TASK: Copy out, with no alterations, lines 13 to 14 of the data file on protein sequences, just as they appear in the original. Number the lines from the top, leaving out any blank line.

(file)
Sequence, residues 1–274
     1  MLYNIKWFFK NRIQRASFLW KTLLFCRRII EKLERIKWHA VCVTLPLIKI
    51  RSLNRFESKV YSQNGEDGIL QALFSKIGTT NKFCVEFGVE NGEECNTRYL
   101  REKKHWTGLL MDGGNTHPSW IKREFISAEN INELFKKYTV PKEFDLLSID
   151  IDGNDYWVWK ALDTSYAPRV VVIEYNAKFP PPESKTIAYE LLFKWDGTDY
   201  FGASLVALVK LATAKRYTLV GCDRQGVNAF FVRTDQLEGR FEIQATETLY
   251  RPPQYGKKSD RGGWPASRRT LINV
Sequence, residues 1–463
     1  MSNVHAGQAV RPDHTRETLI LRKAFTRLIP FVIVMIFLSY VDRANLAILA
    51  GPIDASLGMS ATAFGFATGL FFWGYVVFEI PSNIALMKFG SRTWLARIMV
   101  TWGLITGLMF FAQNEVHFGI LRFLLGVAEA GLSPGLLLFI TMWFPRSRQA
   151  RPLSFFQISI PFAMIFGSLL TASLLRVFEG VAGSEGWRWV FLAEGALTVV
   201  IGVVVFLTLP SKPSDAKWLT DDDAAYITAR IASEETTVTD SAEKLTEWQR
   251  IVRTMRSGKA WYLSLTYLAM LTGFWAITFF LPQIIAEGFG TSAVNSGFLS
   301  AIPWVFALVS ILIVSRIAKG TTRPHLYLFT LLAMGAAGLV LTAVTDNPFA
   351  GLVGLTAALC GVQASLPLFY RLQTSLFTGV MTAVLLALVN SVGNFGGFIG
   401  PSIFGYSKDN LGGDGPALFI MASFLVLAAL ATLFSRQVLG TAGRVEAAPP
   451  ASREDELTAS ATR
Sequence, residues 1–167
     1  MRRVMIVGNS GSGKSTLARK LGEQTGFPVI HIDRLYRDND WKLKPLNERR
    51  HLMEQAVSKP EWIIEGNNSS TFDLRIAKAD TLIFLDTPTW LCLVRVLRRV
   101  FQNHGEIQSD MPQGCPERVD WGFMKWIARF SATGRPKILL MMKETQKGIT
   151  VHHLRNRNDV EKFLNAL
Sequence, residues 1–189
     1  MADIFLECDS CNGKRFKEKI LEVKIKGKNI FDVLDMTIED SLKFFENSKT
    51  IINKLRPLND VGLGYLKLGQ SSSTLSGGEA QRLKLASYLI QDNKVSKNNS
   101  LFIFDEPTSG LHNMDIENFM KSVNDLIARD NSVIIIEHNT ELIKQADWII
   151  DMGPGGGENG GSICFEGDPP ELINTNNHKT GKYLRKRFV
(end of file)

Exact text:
   201  IGVVVFLTLP SKPSDAKWLT DDDAAYITAR IASEETTVTD SAEKLTEWQR
   251  IVRTMRSGKA WYLSLTYLAM LTGFWAITFF LPQIIAEGFG TSAVNSGFLS